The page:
|Nick Pappas 04/13/2011|
Is this for a headwall, bridge or ? |
|joe baker 04/13/2011|
yes to buy from American good but some time new technology of constriction is in the market and we do need to looked into theta as the can do the jobs don in quiche time and save billions of $ in the infrastracture in any department from government to city government or utility company we recommend to looked in to the systems theta .formwork 1 systems of-ring to the new constriction spacial in the water tanks .storms water. radon gas.ventilating floors walls and columns systems the can be ready to go whit minimal personal some of the system is been in programs in army base in Nevada |
|Craig Shike, Oregon DOT 04/29/2011|
My name is Craig Shike. I work as a bridge engineer for the Oregon Department of Transportation. We are one of the states who have applied for a “Buy America” waiver to use non-domestic ½” x 0.008” steel fibers. This memo is in response to the comments posted on the Federal Highway Administration website. |
Our project involves precast prestressed concrete deck panels. These deck panels are an experimental item for Oregon. If they prove successful on our proposed project, we anticipate using these types of deck panels on selected future projects with the following benefits:
• Faster construction – Since cast-in-place concrete decks require 2 weeks to cure concrete, precast concrete decks can significantly reduce construction time and associated delays to the traveling public. • Longer deck life – Precast panels fabricated under controlled conditions can be made more durable (more resistant to rutting) and thereby reducing future maintenance costs. • Improved traffic and worker safety – Faster construction and fewer delays to the public are expected to result in fewer traffic accidents and safety incidents associated with construction projects.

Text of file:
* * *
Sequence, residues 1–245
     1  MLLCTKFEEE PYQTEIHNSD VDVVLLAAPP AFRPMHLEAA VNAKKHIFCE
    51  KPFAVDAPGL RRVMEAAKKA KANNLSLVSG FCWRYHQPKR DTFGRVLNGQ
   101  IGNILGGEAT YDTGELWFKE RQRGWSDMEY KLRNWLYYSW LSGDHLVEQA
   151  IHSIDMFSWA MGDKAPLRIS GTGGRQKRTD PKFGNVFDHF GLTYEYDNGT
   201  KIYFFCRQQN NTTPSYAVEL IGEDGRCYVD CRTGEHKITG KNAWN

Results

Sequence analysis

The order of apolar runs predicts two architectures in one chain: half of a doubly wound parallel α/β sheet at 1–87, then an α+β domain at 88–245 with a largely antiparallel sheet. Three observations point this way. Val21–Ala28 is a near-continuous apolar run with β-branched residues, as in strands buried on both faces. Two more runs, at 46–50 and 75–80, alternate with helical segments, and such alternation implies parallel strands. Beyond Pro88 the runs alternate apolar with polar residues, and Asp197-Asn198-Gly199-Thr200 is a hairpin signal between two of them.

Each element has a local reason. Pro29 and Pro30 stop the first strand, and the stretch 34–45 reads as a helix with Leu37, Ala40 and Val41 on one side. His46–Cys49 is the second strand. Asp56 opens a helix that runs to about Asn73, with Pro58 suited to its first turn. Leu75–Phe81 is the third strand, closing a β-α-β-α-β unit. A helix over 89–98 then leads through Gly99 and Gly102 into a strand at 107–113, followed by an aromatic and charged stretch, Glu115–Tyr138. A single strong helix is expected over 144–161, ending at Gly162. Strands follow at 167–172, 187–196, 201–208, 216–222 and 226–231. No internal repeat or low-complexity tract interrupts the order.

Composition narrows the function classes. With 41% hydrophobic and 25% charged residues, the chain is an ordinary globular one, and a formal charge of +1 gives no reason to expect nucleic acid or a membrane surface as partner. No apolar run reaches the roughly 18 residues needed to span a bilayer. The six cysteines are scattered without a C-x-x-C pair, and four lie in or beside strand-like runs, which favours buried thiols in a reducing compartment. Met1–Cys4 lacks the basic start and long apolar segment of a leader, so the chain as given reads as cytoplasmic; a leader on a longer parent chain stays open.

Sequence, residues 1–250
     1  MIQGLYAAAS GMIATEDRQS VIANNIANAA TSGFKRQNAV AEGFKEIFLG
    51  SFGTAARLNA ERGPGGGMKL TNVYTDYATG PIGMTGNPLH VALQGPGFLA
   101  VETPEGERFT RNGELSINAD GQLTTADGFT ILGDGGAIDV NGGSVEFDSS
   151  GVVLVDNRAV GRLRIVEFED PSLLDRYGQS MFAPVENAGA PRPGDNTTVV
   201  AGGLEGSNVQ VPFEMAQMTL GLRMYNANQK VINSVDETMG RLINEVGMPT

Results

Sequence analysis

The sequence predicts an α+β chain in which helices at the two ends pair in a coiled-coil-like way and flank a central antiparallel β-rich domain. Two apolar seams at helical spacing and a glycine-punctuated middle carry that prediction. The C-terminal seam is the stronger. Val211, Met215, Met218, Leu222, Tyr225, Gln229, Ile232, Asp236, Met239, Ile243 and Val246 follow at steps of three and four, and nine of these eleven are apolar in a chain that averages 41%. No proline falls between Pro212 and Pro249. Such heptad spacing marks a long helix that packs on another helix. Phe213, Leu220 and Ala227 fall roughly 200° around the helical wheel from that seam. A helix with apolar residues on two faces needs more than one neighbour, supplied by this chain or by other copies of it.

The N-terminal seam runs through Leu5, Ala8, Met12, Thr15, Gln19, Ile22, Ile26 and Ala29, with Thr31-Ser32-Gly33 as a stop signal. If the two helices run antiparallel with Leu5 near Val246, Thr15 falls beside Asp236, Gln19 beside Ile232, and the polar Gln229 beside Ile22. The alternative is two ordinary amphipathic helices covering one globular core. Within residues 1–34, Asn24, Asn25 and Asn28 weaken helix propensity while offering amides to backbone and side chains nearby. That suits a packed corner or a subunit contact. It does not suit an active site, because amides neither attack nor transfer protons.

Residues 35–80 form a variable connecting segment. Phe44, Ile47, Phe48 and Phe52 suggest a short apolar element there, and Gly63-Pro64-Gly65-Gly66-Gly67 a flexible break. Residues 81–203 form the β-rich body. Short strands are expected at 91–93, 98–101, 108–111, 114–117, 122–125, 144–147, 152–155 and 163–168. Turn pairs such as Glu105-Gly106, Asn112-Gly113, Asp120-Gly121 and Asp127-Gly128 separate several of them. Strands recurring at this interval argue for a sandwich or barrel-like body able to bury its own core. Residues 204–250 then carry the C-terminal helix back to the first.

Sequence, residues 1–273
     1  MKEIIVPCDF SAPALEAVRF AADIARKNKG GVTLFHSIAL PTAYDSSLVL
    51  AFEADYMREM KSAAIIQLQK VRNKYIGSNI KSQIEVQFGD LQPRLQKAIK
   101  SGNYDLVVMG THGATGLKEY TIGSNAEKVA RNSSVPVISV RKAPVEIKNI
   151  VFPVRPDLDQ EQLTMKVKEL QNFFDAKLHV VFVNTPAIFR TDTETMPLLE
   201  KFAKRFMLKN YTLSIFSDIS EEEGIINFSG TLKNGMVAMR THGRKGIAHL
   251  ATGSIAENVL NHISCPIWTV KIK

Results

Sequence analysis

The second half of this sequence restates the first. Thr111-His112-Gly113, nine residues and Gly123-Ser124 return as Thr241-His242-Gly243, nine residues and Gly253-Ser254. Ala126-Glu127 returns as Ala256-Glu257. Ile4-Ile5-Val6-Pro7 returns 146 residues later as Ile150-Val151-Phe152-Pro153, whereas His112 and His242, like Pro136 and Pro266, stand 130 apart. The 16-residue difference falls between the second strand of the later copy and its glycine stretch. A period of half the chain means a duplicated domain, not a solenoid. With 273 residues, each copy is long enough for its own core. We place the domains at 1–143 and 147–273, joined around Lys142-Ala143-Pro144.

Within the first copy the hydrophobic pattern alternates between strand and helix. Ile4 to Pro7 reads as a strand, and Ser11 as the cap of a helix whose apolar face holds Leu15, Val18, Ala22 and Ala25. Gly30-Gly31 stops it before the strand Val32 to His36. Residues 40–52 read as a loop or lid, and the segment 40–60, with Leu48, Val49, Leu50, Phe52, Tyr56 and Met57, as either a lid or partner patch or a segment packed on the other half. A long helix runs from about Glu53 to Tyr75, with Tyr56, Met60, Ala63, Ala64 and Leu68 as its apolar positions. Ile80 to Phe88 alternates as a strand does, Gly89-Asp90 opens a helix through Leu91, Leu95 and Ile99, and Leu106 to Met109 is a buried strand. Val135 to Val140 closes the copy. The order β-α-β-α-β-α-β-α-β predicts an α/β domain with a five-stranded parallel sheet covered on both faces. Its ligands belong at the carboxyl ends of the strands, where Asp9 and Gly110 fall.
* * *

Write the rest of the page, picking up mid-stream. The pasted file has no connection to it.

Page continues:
One of the concerns with precast deck panels has been the joints that connect the panels together. In particular, the material used to fill the joints between panels is critical to the overall success of the system. A high quality material is essential to achieve satisfactory long-term performance.
For our project, we are proposing to use a joint material that was proven to perform well in similar joints. The Federal Highway Administration has tested this joint material in their Turner-Fairbank Highway Research Center. At this point in time, there is not a similar material available on the market.
The waiver we are seeking is for use of steel fibers in the joint material only. The precast concrete deck panels use conventional American-made reinforcing steel and prestressing strand. They do not contain any of these specialty steel fibers. The value of these steel fibers in the joint material is expected to be less than 1% of the project cost.
We believe use of these fibers is essential in order to have a joint material with proven performance. For future projects, it is our hope and expectation that American companies will develop products with similar and satisfactory properties. At that time, future waivers will not be needed. We are hoping a successful application of this technology will encourage American companies to develop their own version of this joint material.
Craig Shike, P.E. Interim Bridge Standards Manager Bridge Engineering Section Oregon Department of Transportation